Postersession 3
Poster #: 111
Topic: Speech and language (incl. deficits)
Friday, Sep 11, 2015
1st floor

Dynamics of memory-trace formation for morphologically complex words in adults and children

Miika Leminen1, Alina Leminen2, Juuso Ojaniemi1, Marja Laasonen3, Teija Kujala1, & Yury Shtyrov2

1Institute of Behavioural Sciences, University of Helsinki, Helsinki, Finland
2Department of Clinical Medicine, Aarhus University, Denmark
3Department of Phoniatrics, Helsinki University Central Hospital, Finland

Human ability to rapidly acquire new words is the basis of successful language learning and efficient communication. It has been shown that within minutes of passive listening, MMN amplitudes for monomorphemic words increase in adults, suggesting memory-trace formation for novel words. However, it is unknown what happens if the new word is built from two or more morphemes (i.e., complex words, such as, ‘sing+er’). Is automatic rapid learning of novel complex word forms possible, and, if so, are there differences between these processes in adults and children?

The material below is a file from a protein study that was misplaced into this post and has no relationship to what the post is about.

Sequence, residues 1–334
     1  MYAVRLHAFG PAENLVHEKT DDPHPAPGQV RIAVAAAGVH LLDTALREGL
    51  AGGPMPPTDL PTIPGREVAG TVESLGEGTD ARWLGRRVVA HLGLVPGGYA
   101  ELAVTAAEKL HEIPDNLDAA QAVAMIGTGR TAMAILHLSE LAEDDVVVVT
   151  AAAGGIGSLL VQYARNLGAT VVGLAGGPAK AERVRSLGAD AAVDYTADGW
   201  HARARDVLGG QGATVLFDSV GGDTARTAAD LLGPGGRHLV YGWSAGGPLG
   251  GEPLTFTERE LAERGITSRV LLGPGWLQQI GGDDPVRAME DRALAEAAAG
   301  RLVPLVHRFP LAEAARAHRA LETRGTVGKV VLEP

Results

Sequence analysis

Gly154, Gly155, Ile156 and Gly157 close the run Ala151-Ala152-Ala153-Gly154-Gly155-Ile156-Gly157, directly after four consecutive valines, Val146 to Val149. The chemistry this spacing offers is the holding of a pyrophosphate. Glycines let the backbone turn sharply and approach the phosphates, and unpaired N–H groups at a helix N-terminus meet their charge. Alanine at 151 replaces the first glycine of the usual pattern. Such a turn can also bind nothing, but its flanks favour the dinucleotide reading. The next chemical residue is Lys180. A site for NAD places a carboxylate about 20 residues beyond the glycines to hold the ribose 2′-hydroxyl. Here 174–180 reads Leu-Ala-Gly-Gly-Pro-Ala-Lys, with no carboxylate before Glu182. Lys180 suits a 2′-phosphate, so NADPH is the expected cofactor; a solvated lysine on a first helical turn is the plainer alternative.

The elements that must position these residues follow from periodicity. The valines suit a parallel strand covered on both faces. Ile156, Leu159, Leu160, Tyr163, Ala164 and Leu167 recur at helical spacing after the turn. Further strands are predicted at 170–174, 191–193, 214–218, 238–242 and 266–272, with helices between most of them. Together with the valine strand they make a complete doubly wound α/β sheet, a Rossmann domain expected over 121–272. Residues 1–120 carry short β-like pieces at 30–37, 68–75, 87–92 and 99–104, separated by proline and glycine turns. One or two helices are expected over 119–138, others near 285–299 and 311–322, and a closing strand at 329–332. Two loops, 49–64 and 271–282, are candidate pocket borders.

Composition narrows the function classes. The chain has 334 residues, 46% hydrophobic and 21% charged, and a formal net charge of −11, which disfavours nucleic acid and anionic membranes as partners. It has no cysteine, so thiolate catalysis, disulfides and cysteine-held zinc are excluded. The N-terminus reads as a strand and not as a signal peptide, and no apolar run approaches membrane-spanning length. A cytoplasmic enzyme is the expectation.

To address this, we presented adults and typically developing 3-4-year-old children with derived and inflected words, along with novel complex pseudowords with real inflectional suffix. Acoustically, the suffix was identical in all stimuli. The results showed that after just 5 minutes of passive exposure, adult MMN responses to all complex stimuli declined, likely due to response habituation. This is in contrast with previous findings using monomorphemic stimuli that showed learning-related activation increase reflecting memory trace build-up. In children, however, MMNs for inflected and pseudo-complex forms were enhanced during this short exposure. This suggests automatic learning of complex forms in children’s brain, which, strikingly, includes not only memory trace build-up for novel pseudowords, but also lexicalisation of existing inflectional forms. In sum, using MMN as a tool to probe memory trace formation in the brain, we here document different learning mechanisms for complex word acquisition in children and adults.